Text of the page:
The aim of the study was to evaluate the effect of TGF technology used in the new cosmetics Lirene IDEALE the flexibility of the cells by observing the Atomic Force Microscope and the calculation of the so-called. Young’s modulus. The analysis was based on the collection and evaluation of force curves. Monitored were swinging arm with the blade of a piezoelectric scanner with the sample. This deflection corresponds to the force acting between the end of the blade and the surface of the sample. The elastic properties of the surface characterized by the relationship between intendancia (depth) and engaging a force. Most of the material is deformed in a flexible or malleable. Particularly susceptible to such deformation are living tissues, including cell. In the absence of deforamacji the sample surface, the indentation is zero. In the case of cells is small deflection of the arm with the blade, which is caused by the bending of the flexible surface under the effect of force (indentation formed). The indentation size is calculated by comparing the values obtained for Idel hard materials (e.g., glass culture vessel) with those obtained for the elastic material (living cells).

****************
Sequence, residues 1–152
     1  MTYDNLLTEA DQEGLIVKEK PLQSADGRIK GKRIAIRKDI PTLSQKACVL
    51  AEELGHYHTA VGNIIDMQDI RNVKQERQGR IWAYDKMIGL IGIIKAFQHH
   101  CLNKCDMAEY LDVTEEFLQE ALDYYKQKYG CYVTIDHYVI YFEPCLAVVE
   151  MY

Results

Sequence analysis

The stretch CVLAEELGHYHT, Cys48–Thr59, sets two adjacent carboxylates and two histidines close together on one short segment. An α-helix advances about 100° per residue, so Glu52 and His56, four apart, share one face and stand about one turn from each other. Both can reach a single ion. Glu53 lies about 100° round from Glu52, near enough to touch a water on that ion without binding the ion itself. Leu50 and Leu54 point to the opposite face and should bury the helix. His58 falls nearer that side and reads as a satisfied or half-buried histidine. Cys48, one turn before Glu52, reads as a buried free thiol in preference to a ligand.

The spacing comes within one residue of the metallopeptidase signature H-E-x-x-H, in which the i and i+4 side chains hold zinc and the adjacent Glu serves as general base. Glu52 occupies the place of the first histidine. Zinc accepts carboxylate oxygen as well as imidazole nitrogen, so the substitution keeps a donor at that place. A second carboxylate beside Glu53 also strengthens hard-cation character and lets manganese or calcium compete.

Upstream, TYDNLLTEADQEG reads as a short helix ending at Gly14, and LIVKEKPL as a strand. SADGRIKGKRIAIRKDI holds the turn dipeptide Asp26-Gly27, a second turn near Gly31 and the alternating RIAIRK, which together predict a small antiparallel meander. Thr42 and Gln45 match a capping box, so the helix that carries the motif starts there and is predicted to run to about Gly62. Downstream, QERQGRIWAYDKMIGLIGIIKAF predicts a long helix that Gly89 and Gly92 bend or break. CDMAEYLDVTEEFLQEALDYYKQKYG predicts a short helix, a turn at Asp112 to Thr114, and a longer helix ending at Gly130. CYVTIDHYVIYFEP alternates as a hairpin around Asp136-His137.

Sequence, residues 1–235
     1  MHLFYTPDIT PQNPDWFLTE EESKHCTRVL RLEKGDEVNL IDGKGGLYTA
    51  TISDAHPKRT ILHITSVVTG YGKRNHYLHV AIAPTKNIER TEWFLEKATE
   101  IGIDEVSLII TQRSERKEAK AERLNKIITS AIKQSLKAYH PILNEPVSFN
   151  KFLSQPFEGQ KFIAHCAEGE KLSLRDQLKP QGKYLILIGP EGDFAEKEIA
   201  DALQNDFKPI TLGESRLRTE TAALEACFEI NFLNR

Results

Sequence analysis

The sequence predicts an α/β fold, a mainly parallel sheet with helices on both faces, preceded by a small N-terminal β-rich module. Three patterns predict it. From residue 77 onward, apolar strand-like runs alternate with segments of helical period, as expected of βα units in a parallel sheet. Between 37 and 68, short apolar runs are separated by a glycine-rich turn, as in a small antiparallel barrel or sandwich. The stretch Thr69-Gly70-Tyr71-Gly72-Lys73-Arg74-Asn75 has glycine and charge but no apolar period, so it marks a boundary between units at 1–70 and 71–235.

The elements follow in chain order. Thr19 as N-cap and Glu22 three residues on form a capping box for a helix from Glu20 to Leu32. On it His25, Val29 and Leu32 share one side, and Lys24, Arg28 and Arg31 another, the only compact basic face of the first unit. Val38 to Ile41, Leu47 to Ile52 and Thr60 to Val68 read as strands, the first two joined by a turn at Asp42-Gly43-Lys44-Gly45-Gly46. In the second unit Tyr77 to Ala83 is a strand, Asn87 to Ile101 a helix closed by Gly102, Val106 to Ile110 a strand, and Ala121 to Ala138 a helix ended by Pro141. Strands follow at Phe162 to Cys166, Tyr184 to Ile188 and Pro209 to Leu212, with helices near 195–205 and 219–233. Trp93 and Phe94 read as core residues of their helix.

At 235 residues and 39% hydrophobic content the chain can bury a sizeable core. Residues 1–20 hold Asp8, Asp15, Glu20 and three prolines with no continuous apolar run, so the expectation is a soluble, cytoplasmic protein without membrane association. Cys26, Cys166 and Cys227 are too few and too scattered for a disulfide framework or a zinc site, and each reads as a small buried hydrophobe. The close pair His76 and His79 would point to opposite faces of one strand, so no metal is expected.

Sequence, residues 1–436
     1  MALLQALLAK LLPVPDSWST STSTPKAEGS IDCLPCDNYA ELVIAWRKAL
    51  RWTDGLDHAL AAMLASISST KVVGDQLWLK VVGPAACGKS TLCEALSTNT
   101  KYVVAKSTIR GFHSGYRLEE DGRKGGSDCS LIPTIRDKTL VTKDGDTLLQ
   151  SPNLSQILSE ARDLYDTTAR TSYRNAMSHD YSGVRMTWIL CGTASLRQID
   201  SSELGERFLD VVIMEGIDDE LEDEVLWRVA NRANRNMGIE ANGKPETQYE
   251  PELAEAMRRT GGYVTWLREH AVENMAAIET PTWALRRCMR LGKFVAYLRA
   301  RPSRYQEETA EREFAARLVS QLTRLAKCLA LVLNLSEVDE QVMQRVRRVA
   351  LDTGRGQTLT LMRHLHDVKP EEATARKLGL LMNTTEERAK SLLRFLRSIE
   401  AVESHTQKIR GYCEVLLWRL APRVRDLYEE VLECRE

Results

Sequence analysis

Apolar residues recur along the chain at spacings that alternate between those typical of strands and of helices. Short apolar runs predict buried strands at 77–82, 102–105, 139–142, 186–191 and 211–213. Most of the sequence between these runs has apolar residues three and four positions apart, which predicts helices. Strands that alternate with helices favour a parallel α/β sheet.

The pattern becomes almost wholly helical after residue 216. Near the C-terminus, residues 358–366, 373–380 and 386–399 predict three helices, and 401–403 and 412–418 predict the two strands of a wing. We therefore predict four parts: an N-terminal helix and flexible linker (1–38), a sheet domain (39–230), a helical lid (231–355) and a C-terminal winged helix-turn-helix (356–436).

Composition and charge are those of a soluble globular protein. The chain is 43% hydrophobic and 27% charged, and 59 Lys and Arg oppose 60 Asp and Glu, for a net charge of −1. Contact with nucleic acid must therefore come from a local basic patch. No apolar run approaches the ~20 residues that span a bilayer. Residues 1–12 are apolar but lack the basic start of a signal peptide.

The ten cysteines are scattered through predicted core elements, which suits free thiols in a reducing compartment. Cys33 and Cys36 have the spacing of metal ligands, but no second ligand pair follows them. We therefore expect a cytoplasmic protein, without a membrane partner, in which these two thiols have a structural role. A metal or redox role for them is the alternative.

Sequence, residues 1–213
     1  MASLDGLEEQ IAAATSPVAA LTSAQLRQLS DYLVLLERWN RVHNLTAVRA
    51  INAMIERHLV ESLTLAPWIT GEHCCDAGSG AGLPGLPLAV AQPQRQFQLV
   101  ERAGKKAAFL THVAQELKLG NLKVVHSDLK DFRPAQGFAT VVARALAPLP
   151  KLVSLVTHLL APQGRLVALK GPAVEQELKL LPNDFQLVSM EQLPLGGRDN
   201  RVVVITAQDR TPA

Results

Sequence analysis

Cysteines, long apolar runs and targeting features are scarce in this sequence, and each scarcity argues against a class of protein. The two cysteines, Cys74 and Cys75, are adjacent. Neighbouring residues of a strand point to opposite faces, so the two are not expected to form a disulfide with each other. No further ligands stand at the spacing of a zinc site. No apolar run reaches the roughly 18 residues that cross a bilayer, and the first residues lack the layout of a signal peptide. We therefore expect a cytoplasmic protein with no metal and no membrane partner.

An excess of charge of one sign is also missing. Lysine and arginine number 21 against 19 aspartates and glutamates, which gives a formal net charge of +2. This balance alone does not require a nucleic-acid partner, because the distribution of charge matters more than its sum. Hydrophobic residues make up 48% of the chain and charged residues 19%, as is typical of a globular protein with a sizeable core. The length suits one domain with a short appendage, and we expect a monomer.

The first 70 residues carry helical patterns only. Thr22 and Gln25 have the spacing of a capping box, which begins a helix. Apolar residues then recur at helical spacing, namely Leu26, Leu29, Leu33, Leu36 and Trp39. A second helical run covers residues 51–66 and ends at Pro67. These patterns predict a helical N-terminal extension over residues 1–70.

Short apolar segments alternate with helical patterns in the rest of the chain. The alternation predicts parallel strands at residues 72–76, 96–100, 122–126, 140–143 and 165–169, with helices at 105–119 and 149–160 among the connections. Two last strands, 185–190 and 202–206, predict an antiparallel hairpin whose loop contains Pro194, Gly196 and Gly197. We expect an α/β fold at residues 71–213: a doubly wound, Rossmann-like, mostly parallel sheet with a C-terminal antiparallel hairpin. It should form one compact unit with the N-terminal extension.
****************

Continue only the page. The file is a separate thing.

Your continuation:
The results indicate a decrease in the value of Young’s module (ie, increase flexibility) for all dermis cells cultured in the presence of the peptide, with the best responded to the stimulation of a cosmetic ingredient derived cells from persons 40 and 60 years old. The result also showed improvement in the flexibility of these cells to the level of flexibility of the cells isolated from a person 20 – and 30-year-old.
The above example of using Atomic Force Microscopy is the latest example of the use of the described techniques in cosmetology and the only one on the current state of knowledge that deals with the study of elasticity of living cells of the dermis. Research Atomic Force Microscopy method enables accurate and very precise determination of the impact of cosmetic products or individual active ingredients used in the cosmetic industry for healthy skin and hair.